The last time I saw him was at the mall. In the groceries section. I recall we were in the toiletries aisle. I was totally concentrating on my brand of hand wash when he just appeared. Right in front of me. It took me a moment to recognise him.

His was the perfect picture. His little girl on the shopping cart. Her hair tied into a pony tail. Wife in tow. A very pretty wife at that. She must have been prettier when he had married her. Now her face was rounder, hair a little disheveled, like every young mother's. But still pretty. He was the same. Lean, dark. And very terse.

There was a minimalistic exchange of pleasantries after which we parted. Then for the rough fifteen minutes that followed, in which I continued to tick items off my shopping list, I remembered that it hadn't been that long a time. Probably two years. We all lose track of time. So many many other things worry us more that there is no mathematical account of time in our lives.

Years go by and we cannot even recall what we were upto when. But it wasn't two years ago even.

The half a dozen tea breaks in the chawl downstairs. And the chit chat. Sometimes, strolls too. It was nothing. I had moved on from that nothing. And he had too.

Time, they say is very powerful. And we all must wait, if nothing else. Everything passes on.

Written for the one who has never forgotten to wish me on a birthday.

Happy 29.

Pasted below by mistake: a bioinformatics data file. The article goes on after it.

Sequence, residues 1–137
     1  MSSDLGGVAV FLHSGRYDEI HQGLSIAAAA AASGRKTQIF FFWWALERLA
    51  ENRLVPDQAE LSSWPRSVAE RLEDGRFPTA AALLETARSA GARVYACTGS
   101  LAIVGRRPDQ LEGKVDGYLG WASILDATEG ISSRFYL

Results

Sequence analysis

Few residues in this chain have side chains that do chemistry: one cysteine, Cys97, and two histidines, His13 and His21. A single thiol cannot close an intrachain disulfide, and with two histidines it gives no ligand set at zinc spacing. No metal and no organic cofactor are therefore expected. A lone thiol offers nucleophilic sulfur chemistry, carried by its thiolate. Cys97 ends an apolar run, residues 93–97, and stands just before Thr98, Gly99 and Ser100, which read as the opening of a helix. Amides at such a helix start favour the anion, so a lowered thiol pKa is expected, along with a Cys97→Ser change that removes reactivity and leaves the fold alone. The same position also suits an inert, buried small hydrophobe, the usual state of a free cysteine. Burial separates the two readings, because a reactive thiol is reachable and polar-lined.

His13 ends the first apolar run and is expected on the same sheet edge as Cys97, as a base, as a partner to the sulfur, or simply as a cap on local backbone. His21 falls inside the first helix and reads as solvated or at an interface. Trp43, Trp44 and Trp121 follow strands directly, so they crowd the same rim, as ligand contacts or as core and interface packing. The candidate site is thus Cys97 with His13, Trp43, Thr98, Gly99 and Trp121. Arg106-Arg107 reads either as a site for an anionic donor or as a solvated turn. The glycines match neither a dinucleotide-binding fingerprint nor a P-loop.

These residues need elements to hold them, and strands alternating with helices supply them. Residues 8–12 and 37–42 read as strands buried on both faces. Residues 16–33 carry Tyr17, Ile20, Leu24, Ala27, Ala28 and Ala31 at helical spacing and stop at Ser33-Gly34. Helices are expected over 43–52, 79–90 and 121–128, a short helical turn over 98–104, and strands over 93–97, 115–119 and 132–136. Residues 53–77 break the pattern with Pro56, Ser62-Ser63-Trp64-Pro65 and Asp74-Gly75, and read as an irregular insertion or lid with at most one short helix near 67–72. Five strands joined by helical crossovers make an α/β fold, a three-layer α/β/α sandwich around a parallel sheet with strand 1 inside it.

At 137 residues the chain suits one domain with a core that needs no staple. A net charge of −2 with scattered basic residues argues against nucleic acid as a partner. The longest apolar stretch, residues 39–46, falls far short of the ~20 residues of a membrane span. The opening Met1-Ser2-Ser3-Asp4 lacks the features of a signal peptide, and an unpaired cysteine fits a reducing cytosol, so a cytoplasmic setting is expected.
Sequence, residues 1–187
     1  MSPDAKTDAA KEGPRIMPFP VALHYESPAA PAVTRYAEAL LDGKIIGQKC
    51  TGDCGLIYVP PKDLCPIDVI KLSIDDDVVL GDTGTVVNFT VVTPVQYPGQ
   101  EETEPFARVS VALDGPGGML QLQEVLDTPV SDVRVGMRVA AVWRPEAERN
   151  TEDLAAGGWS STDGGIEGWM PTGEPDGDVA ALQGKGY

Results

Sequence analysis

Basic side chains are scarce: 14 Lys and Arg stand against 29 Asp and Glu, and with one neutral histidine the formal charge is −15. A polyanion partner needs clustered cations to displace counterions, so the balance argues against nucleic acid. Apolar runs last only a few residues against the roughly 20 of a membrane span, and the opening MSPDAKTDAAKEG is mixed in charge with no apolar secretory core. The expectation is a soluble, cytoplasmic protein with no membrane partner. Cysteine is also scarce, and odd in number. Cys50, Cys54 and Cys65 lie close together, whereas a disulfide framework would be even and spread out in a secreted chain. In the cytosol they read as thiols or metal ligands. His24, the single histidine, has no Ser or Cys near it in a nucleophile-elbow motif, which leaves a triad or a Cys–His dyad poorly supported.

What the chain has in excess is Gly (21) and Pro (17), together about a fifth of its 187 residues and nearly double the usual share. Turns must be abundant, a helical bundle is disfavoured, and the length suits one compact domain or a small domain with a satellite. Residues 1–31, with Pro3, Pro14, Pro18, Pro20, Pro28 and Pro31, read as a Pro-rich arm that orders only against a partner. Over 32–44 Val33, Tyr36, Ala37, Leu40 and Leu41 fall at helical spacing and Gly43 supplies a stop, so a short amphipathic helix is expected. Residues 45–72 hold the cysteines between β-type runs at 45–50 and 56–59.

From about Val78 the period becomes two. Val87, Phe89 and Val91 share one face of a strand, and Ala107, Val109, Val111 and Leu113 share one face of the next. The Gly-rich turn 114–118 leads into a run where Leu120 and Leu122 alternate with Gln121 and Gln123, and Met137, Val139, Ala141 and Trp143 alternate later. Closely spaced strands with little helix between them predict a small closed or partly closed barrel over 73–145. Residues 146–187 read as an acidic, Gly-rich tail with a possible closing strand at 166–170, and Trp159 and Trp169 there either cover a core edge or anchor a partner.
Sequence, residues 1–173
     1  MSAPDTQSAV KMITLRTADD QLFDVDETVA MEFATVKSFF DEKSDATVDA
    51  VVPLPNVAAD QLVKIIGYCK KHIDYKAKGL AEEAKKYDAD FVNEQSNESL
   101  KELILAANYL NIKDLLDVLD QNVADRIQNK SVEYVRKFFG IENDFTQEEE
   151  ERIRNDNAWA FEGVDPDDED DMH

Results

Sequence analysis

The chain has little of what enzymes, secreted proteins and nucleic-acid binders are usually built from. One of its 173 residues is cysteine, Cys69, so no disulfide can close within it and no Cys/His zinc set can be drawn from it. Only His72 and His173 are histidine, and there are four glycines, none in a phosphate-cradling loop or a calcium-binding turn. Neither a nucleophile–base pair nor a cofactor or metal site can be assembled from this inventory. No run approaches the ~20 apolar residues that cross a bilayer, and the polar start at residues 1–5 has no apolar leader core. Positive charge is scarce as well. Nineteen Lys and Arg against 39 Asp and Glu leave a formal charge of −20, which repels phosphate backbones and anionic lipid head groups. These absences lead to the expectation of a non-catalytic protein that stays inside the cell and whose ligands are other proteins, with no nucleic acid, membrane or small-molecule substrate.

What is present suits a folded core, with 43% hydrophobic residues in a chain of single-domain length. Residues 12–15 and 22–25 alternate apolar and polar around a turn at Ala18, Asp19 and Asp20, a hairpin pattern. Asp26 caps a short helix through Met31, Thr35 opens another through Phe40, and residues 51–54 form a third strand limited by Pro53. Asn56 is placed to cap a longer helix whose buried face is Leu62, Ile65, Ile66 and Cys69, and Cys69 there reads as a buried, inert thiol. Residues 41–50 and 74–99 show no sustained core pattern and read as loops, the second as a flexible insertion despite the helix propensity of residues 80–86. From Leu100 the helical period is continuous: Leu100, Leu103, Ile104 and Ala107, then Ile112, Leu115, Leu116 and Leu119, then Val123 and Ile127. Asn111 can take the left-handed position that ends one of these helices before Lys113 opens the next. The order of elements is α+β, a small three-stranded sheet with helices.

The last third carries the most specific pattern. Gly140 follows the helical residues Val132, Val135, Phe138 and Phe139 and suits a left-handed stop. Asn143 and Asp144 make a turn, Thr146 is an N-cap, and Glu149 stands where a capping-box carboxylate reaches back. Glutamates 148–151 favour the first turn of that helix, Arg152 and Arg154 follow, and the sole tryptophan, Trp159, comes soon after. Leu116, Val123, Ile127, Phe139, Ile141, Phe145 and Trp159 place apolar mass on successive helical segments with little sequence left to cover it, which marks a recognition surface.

She was completely soaked in the plan. She went through it again and again. The show was at quarter to three. She had to leave at half past one. The cinema hall was more than ten kilometers away. And he was to meet her at their designated pick up place. She couldn't be late. They wouldn't miss the ice-cream before the show started. He had booked three seats for the two of them in the corner of the last row. So that he could wrap his hand around her shoulder and no one would be bothered. She had made a suitable alibi at home, she was away for back-to-back tuitions and soon after she would go to the beauty parlor. She prayed hard that nobody should find out. What else could she do but pray. What could anyone do but pray. She was a few minutes late and he had been waiting. She tied a scarf so as to hide her face and climbed on to his bike, and sat clutching his chest from behind. Like they do. In a minute, they were on the main road. The wind was unstoppable that afternoon. It shouldn't rain, how would she explain at home if she got drenched. Her head had transformed into this constant alibi manufacturing machine. It didn't. They licked their ice cream cones standing in the alley behind the hall. Her face was uncovered now, and people stared on, uninhibited. In her eyes he saw how nervous she was. In the darkness, when the film played, they held hands and even plucked kisses off each other. But her heart lay in her phone, which might ring anytime. What if they found out. Nobody called, though. In the interval, he bought more soft drinks and wafers. The cold breeze from the air conditioner, gave her the chills and she snuggled as close to him as she could. He whispered things into her ears, making her promise for a few more matinee shows like that. She whispered back, asking what if people back home found out. He whispered back saying that he had his way of taking care of things, if they did. She felt both empowered and bothered, by what he had said. Later, when the show ended, the skies opened up. The wind had stopped and the rain began to look scary. They couldn't ride back in that weather. They waited and waited for what seem like an hour and she couldn't make anymore alibis on the phone. She was at her wits end and her forehead heated up.They were both soaked under their skins. She was in tears, well almost. And he consoled her with all he had. That they were going to be just fine.